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Developer(s)Various open-source and commercial developers
Operating systemUnix, Unix-like, IBM i

nohup is a POSIX command which means "no hang up". Its purpose is to execute a command such that it ignores the HUP (hangup) signal and therefore does not stop when the user logs out.

Output that would normally go to the terminal goes to a file called nohup.out, if it has not already been redirected.


The first of the commands below starts the program abcd in the background in such a way that the subsequent logout does not stop it.

$ nohup abcd &
$ exit

Note that these methods prevent the process from being sent a 'stop' signal on logout, but if input/output is being received for these standard I/O files (stdin, stdout, or stderr), they will still hang the terminal.[1] See Overcoming hanging, below.

nohup is often used in combination with the nice command to run processes on a lower priority.

$ nohup nice abcd &


Some shells (e.g. bash) provide a shell builtin that may be used to prevent SIGHUP being sent or propagated to existing jobs, even if they were not started with nohup. In bash, this can be obtained by using disown -h job; using the same builtin without arguments removes the job from the job table, which also implies that the job will not receive the signal. Before using disown on an active job, it should be stopped by Ctrl-Z, and continued in the background by the bg command.[2] Another relevant bash option is shopt huponexit, which automatically sends the HUP signal to jobs when the shell is exiting normally.[3]

The AIX and Solaris versions of nohup have a -p option that modifies a running process to ignore future SIGHUP signals. Unlike the above-described disown builtin of bash, nohup -p accepts process IDs.[4]

The nohup command has also been ported to the IBM i operating system.[5]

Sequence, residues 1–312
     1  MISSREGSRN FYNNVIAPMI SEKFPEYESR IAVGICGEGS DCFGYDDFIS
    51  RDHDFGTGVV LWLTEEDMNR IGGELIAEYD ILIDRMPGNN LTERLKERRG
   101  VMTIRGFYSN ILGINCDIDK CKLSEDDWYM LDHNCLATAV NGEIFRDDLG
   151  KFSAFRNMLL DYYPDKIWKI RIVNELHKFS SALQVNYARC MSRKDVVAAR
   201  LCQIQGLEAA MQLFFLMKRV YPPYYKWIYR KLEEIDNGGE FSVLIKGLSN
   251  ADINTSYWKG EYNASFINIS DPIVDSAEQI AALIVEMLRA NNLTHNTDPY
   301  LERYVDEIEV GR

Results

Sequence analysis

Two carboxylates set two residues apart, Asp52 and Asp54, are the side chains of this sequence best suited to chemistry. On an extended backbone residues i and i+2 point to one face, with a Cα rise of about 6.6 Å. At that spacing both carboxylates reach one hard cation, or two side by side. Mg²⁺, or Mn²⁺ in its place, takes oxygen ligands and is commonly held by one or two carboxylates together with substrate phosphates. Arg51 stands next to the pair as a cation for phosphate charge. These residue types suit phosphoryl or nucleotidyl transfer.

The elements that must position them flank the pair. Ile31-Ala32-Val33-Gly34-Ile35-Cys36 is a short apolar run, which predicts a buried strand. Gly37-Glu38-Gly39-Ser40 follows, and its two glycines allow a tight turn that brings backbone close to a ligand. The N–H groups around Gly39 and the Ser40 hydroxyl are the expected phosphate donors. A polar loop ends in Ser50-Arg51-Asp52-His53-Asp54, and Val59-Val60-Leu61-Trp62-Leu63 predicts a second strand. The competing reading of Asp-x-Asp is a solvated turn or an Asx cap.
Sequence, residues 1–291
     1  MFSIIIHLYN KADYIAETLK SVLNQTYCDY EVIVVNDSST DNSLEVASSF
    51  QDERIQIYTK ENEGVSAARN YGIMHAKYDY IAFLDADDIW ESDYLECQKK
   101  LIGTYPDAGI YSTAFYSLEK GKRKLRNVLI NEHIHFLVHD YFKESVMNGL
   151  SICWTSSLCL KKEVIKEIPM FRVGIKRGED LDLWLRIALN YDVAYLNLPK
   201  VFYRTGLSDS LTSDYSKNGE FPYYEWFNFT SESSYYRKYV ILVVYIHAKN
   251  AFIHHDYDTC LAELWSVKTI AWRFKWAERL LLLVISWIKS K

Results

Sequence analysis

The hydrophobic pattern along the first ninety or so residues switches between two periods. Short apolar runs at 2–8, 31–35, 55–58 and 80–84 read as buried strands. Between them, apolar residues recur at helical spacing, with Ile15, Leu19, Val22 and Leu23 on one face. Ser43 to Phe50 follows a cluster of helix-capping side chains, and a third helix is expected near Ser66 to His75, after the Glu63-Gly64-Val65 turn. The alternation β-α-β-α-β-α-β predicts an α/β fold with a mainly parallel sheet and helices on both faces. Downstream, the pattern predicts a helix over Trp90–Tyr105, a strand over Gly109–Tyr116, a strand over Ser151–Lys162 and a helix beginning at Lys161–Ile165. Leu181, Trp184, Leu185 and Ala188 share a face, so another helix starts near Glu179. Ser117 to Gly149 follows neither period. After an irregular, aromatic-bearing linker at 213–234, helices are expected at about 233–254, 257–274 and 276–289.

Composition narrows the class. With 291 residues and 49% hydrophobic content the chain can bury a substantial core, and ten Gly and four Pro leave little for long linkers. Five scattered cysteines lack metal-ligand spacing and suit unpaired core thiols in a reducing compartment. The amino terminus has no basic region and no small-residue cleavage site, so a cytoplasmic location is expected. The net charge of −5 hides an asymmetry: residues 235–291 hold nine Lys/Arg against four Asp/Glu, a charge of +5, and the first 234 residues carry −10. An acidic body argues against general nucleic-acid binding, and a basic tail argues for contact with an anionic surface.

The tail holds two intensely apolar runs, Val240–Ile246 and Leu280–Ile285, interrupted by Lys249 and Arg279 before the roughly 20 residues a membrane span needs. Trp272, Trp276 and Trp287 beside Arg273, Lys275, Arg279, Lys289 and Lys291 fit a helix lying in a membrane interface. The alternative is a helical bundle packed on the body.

Overcoming hanging[edit]

Note that nohupping backgrounded jobs is typically used to avoid terminating them when logging off from a remote SSH session. A different issue that often arises in this situation is that ssh is refusing to log off ("hangs"), since it refuses to lose any data from/to the background job(s).[6][7] This problem can also be overcome by redirecting all three I/O streams:

$ nohup ./myprogram > foo.out 2> foo.err < /dev/null &

Also note that a closing SSH session does not always send a HUP signal to dependent processes, such as when a pseudo-terminal has not been allocated.[8]


  • A terminal multiplexer can run a command in a separate session, detached from the current terminal, which means that if the current session ends, the detached session and its associated processes keeps running. One can then reattach to the session later on.
For example, the following invocation of screen will run in the background of a detached session:
$ screen -A -m -d -S somename ./ &
  • The disown command is used to remove jobs from the job table, or to mark jobs so that a SIGHUP signal is not sent on session termination.


  1. ^ "Re: nohup/disown and logout". 2005-02-07. Archived from the original on 2009-05-18. Retrieved 2009-06-10.
  2. ^ Bash Reference Manual Archived 2010-12-03 at the Wayback Machine. Retrieved on 2015-04-13.
  3. ^ Bash Reference Manual Archived 2010-12-03 at the Wayback Machine. Retrieved on 2015-04-13.
  4. ^ IBM Knowledge Center Archived 2014-10-15 at the Wayback Machine. (2015-03-26). Retrieved on 2015-04-13.
  5. ^ IBM. "IBM System i Version 7.2 Programming Qshell" (PDF). IBM. Retrieved 2020-09-05.{{cite web}}: CS1 maint: url-status (link)
  6. ^ "SSH Frequently Asked Questions". Archived from the original on 2009-01-22. Retrieved 2009-06-10.
  7. ^ "OpenSSH FAQ". 2005-09-20. Archived from the original on 2009-07-10. Retrieved 2009-06-10.
  8. ^ "Bug 396 – sshd orphans processes when no pty allocated". Retrieved 2009-06-10.

External links[edit]